Awareness-raising or a Glossy marketing brochure: what do you expect from Zimbabwean reports on Ukraine and Sri Lanka-set stories penned by an Ukrainian travel writer?

by Andy Kozlov

Flag Pins: Sri Lanka-Ukraine
Flag Pins: Sri Lanka-Ukraine

Talk of multiculturalism, globalization or South-South cooperation and what do you get? More than many signs that there is still a lot to be done in educating truly global citizens of the world.

In practical terms, we can loom at two recent examples of publications that aim at being a well-informed report by a writer from one developing nation about a tourism destination that is another developing nation.

Melissa Mpofu of the NewsDay in Zimbabwe writes about a visit of an Ukrainian delegation to her Southern African country to explore business opportunities in the land of the Matopos and Victoria Falls. The excitement I got from reading the article’s title suddenly fades out the moment my eyes reach the names of the Ukrainian companies: KyivskRus Travel Agency, Mirturizina Travel Magazine. Excuse me?! These names are non-existent! What is wrong here? The Zimbabwean reporter confused the spelling of the Russian words. What is even sadder is that Ukrainian leading English-language newspaper Kyiv Post republished part of the original Zimbabwean story without correcting the spelling.

Around this time, Sandy Vadi, a Sri Lankan Toronto-based expat urged the Ukrainian paper and “all the travel writers.. to raise awareness of not just the beaches and billboards [of the Teardrop island and] look beyond the glossy marketing brochures provided by the travel agents.” The reason? His was a letter in reaction to “Exploring Sri Lanka, island of serendipity,” an article that “ignores the ongoing military oppression and racial discrimination to.. communities of Sri Lanka and sporadic outbursts of politically motivated violence and religious intolerance reported on a daily basis.”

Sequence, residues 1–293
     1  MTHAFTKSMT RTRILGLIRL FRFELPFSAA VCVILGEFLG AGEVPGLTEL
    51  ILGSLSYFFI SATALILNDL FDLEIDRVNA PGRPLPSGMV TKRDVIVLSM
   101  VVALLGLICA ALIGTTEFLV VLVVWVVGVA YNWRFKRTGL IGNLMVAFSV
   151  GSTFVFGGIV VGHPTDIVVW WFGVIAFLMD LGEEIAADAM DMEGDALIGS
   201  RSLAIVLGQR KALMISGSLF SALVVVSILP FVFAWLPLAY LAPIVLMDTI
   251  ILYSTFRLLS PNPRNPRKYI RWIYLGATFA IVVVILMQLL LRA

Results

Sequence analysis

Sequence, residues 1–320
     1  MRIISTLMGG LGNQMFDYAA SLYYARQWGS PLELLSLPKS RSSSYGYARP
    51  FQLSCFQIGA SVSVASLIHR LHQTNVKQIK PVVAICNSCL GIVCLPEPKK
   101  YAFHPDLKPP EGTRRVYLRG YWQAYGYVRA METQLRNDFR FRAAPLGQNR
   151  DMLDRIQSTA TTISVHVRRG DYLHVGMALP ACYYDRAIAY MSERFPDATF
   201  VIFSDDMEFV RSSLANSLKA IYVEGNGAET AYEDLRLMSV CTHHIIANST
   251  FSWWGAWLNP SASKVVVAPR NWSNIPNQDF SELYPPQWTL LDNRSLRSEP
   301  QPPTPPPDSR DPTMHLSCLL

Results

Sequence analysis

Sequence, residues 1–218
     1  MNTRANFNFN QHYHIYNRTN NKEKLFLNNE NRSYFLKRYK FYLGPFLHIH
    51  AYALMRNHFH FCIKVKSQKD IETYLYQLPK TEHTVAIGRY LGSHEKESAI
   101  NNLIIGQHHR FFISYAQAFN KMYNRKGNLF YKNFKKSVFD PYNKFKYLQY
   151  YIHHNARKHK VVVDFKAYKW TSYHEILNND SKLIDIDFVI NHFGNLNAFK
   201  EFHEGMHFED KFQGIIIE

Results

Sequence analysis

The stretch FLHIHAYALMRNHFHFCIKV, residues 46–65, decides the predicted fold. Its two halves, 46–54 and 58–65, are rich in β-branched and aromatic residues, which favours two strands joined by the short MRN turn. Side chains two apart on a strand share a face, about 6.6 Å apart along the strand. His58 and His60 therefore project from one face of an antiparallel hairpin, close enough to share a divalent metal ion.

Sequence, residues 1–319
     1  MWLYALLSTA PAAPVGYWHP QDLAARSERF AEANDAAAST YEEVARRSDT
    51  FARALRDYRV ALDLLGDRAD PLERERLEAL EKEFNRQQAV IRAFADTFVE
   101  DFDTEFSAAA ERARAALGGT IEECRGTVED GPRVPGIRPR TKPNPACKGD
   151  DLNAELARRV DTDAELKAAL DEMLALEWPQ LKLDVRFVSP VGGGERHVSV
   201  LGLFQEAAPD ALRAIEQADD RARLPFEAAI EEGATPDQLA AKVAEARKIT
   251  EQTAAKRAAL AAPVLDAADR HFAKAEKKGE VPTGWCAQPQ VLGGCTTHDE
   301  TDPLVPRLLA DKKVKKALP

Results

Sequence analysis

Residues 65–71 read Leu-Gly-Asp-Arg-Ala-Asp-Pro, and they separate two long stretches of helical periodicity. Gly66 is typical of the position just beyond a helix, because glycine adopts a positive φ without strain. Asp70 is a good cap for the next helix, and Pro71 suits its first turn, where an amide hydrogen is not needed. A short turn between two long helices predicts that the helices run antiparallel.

In her narrative emblematic of superficial one-dimensional reporting charachterizing the challenges South-South communications face on a daily basis, Oksana Faryna, the writer behind the travel story, chose “Tangalle as a typical city with streets full of people where, about one year ago, a Red Cross worker and British tourist Khuram Shaikh was stabbed to death and his Russian girlfriend Alexandra was sexually assaulted and left badly injured by eight men.”

What do you think is needed for travel writers from countries like Zimbabwe and Ukraine to be more aware of the multiple dimensions to the stories they carve out? Is quality journalism based on professional preliminary research a matter of self-improvement or a responsibility of a media outlet? Should papers like Kyiv Post and NewsDay be critized for getting the majority world nations wrong? Who would be responsible for such criticism? What would be the goals of the critique? What is the role of international organizations like the United Nations in getting local media interested in raising awareness about social conditions in other developing nations? How can destination marketing be inspired and informed by the development communication principles?

See related reading

On international reporting

My Zimbabwe Story campaign: Culture Fund partners with UNDP to germinate untold experiences/aspirations, improve local and international images of the Southern African nation

The challenges of reporting on sustainable development in Ukraine. What is this ‘sustainable development,’ by the way?

These reporters and media execs shape English-language reader-s perception of Ukraine

Sri Lankans cover Zimbabwean engineer helping Mongolians in sustainable Ninja-Mining, while Estonians document Eastern Ukrainian kids digging for coal

Zimbabwe Tourism Trends and Prospects

The 10 Commandments of Development Communication

How culture contributes to development: an UNESCO indicator suite

Whose premise: UNESCO-Harare or UNESCO-Paris?


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